Recent fires in multifamily buildings have drawn attention to the condition of existing fire doors and the impact a non-code-compliant fire door can have during a fire.  Apartment fires are VERY common, and the fire door assembly required between the corridor and each dwelling unit plays critical role in the passive fire protection of a building.  This month’s presentation doesn’t address a code change, but covers a very important topic when it comes to the safety of building occupants.

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April 2022 – Code Requirements for Electromagnetic Locks

There has been so much confusion regarding the code requirements for electromagnetic locks, and there is a lot of information available on iDigHardware to make sure everyone can get the answers they need.  For this month’s code update, I covered the two common types of systems that include mag-locks, and there are links to a video, a Decoded article, and additional blog posts below.

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March 2022 – FAQs on Fire Door Requirements for Health Care Facilities

This year I will be posting answers to some groups of FAQs that will be shared via the ASHE newsletter with health care facilities across the country.  The materials I am posting this month cover some questions that come up regularly about fire door assemblies.

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February 2022 – Interlocks/Control Vestibules in a Means of Egress

I get tons of questions about interlocks and I wish I had better news to share.  BHMA has proposed new sections for the last few editions of the model codes to address interlocks.  These proposals have not been approved.  This means that every interlock has to be submitted to the AHJ for approval, unless the state or local code includes provisions for interlocks (please send these to me if you see any).  The article linked below includes some suggestions on safety considerations when designing an interlock for submission to the AHJ.

An ACE asked for more info about what is allowed by the model codes for sallyports.  First, sallyports are different from interlocks that allow free passage as long as both doors are not open at the same time.  In a sallyport, both doors are always locked and even if you have the key or credential to unlock the doors you can only unlock one at a time.  The IBC defines a sallyport as: A security vestibule with two or more doors or gates where the intended purpose is to prevent continuous and unobstructed passage by allowing the release of only one door or gate at a time.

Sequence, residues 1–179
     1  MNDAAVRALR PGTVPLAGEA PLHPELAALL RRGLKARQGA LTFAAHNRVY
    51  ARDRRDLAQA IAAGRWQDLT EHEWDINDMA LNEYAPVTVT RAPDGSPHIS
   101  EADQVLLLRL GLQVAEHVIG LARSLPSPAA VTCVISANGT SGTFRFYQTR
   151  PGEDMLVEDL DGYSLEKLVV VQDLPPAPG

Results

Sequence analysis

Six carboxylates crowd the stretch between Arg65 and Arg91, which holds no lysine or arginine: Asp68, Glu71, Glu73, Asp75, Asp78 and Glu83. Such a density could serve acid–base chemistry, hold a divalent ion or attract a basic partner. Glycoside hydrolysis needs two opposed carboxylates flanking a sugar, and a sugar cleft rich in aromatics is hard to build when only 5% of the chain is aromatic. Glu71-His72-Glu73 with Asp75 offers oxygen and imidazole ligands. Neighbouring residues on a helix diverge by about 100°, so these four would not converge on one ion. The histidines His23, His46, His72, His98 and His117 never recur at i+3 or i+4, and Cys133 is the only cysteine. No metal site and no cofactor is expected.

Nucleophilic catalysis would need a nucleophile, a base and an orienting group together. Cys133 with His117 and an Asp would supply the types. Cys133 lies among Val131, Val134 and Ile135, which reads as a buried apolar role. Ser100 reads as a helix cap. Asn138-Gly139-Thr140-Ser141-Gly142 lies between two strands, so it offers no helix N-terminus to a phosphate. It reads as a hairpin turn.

The IBC only allows sallyports in Group I-3 (detention and correctional), and only where there is a procedure for emergency egress:  408.3.7 Sallyports. A sallyport shall be permitted in a means of egress where there are provisions for continuous and unobstructed passage through the sallyport during an emergency egress condition.

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January 2022 – Elevator Lobby Exit Access Doors

In many existing buildings, elevator lobbies do not have direct access to a stairwell – building occupants must leave the lobby, potentially entering a tenant space, to access an exit stair.  NFPA 101 includes a section addressing a way to secure these doors during normal operation, but the IBC does not currently include a similar section.  Several cities and states have already modified the IBC in order to allow these doors to be locked with fail safe electrified locks, and the 2024 edition of the IBC will include new criteria for locking these doors.  Although these requirements do not technically apply until the 2024 IBC is adopted in a project’s jurisdiction, the new section may be used to request a code modification from the AHJ.

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December 2021 – Stairwell Reentry

The requirements for stairwell reentry can be confusing – especially because the model codes vary on this topic.  The intent is for building occupants to be able to leave a stairwell if it becomes compromised during a fire – through doors that are typically locked to prevent access to individual tenant floors.  A change to the 2024 IBC will affect the release methods for doors allowing stairwell reentry.

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November 2021 – Roof Doors

Questions come up all the time about roof doors:  Can you lock them on the roof side, preventing egress from the roof?  Do you have to allow egress from the stairwell to the roof for helicopter rescues like you see in the movies?  The requirements for roof doors have been clarified in the IBC and NFPA 101.  These slides are related to roofs that are not normally occupied, such as roofs with mechanical equipment.  For occupied roofs like roof-top restaurants and roof gardens, refer to the slides posted for June 2021 at the bottom of this page.